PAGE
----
It's a shame that the voting wasn't unanimous, because there should be no doubt that Joe Mauer
was the American League's most valuable player this season. After spending all of April on the disabled list Mauer put together a five-month stretch that ranks among the greatest performances by a catcher in the history of baseball, hitting .365 with a .444 on-base percentage, .587 slugging percentage, 28 homers, 59 total extra-base hits, 76 walks, 94 runs, and 96 RBIs in 606 plate appearances.
Prior to 2006 no catcher in the AL's century-plus history had ever won a batting title, but Mauer now has three in the past four seasons. This year he also led the league in on-base percentage and slugging percentage, becoming the first catcher in either league to win the sabermetric triple crown and the first AL hitter from any position to do so since George Brett in 1980. His batting average is the highest of all time for a catcher and his adjusted OPS+ of 177 ranks second behind only Mike Piazza at 185 in 1997.
Among catchers only Piazza and Johnny Bench can even claim to have had a season within the same stratosphere as Mauer. He batted .377 against righties and .345 against lefties; .388 at home and .345 on the road; .373 in the first half and .358 in the second half, .377 in wins and .352 in losses; .350 with the bases empty, .385 with men on, and .367 with runners in scoring position; .354 with none out, .379 with one out, and .360 with two outs; .367 at night and .362 during the day.
Despite sitting out the entire first month Mauer easily led the league in Value Over Replacement Player, producing 91 more runs than a replacement-level catcher. Derek Jeter ranked second, 73 runs better than a replacement-level shortstop, and Mauer bested every other AL hitter by at least 30 runs of VORP. He also won his second straight Glove Glove, logging 939 innings behind the plate in just five months to rank fifth in the league for the whole season, pushing his overall value significantly higher.
All of which is why it's a shame that one of the 28 voters declined to give him a first-place vote, robbing Mauer of the chance to become just the 10th unanimous MVP in league history and the first since Ken Griffey Jr. in 1997. Ultimately the award is the same every year, but through the eyes of history not all MVPs are equal and Mauer warranted that little added distinction for leaving no doubt with anyone save for voter Keizo Konishi of the Kyodo News that he was the league's best player.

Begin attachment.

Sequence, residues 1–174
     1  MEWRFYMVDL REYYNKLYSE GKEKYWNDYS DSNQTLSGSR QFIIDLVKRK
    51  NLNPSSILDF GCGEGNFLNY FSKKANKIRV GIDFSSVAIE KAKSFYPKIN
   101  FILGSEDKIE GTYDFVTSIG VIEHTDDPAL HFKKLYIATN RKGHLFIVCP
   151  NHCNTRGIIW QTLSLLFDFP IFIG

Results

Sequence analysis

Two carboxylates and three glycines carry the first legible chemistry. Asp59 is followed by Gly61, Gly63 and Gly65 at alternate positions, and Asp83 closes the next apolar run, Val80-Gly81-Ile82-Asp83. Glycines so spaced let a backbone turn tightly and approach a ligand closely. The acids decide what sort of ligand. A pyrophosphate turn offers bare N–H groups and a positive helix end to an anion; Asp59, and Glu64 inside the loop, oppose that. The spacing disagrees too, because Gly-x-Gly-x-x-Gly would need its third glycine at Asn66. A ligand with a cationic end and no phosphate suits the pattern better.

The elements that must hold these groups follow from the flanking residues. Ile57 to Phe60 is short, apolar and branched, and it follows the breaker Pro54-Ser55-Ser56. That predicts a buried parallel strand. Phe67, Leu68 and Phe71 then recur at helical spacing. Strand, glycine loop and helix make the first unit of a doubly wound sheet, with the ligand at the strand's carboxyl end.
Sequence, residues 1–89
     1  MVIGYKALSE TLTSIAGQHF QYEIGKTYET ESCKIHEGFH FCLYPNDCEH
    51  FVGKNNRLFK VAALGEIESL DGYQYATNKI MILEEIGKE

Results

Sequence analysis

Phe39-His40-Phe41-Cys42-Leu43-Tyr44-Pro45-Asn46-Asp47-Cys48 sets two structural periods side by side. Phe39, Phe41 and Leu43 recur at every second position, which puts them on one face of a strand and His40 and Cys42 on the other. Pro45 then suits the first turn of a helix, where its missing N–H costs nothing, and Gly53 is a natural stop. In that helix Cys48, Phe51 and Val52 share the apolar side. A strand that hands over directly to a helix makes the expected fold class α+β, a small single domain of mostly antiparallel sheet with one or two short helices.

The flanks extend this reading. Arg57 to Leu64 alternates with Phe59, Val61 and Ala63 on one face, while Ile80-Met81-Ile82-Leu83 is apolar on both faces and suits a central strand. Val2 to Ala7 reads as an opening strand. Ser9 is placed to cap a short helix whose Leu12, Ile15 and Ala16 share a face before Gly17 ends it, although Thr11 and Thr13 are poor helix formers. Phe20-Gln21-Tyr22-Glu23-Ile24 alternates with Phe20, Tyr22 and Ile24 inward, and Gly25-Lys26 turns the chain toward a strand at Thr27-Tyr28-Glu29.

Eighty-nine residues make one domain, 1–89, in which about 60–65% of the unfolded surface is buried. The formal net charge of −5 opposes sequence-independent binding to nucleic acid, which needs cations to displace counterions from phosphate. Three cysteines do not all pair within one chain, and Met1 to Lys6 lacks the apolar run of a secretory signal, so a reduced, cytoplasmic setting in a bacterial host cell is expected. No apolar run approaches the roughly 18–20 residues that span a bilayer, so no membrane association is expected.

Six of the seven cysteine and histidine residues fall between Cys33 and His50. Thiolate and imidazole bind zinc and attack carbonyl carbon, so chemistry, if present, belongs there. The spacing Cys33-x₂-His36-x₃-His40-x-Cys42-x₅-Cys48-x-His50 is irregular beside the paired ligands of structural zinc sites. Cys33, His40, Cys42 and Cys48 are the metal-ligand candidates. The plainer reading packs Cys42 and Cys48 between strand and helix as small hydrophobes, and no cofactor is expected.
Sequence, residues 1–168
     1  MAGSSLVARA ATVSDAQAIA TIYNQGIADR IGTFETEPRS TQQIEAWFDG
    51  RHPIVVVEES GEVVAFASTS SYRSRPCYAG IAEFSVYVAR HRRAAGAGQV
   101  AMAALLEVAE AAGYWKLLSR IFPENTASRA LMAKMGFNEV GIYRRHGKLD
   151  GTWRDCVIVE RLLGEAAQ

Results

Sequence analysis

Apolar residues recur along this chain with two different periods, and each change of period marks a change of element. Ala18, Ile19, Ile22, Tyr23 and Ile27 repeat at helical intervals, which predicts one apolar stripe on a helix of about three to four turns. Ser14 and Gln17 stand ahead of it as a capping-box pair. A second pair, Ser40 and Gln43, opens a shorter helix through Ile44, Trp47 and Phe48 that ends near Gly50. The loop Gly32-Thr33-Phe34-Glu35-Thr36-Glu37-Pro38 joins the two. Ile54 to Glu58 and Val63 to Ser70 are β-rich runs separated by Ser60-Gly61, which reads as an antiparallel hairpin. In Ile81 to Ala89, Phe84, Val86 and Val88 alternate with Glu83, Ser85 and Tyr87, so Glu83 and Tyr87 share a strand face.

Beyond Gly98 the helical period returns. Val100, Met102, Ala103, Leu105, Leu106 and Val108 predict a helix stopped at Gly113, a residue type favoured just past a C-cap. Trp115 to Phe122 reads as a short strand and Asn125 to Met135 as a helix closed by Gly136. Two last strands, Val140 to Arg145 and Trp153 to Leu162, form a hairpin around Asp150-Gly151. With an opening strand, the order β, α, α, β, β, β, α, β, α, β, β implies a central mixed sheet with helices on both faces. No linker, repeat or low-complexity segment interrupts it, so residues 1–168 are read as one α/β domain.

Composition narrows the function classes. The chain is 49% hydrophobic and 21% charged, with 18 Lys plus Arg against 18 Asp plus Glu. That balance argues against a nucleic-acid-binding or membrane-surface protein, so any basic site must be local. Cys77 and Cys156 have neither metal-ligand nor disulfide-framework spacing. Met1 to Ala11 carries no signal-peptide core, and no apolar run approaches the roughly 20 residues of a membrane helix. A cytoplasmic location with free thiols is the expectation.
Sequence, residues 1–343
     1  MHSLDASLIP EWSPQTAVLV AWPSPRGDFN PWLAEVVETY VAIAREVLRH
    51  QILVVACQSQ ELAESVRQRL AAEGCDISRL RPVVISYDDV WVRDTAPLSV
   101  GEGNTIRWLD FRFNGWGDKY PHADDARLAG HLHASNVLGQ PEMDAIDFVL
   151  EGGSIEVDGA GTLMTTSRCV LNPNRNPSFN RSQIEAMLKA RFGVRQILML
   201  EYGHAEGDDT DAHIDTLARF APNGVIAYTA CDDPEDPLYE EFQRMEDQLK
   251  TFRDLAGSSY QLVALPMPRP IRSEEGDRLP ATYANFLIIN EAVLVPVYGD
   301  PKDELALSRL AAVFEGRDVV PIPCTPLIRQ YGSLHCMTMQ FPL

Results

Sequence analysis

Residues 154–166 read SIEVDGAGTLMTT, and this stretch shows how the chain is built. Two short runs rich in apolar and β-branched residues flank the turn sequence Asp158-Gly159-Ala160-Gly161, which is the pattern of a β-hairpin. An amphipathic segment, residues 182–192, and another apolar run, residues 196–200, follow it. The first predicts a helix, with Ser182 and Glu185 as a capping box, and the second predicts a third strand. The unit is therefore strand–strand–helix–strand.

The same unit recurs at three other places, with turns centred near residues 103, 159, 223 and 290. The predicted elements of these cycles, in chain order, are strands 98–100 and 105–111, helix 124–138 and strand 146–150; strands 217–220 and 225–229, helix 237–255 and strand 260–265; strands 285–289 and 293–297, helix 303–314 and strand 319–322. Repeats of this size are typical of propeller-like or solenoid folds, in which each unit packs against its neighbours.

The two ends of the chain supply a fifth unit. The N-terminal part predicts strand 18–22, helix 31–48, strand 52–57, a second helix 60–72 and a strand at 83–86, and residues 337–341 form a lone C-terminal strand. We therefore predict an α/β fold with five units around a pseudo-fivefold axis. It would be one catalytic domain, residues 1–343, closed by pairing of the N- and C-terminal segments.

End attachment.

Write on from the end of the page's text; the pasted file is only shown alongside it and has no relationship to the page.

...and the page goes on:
Mauer thoroughly dominated the old-school stats, newer mainstream numbers, and advanced metrics alike while adding to his already unmatched offensive value with superior defense at the game's most demanding position. By comparison, when Justin Morneau won the MVP in 2006 he failed to lead the league in any major categories, placed just seventh in batting average and eighth in OPS, and ranked 13th in VORP while playing unspectacular defense at the game's most offense-driven position.
In my opinion Morneau is among the more undeserving MVP winners in recent memory, but whether or not you agree with that admittedly unpopular stance among Twins fans it seems obvious that there's a difference between what he did in 2006 and what Mauer did this year. A unanimous vote would have preserved that difference for all time, but then again Mauer was so amazing that tomorrow or 100 years from now no one should need 28 (or 27) writers to them he was the MVP. Some things are just true.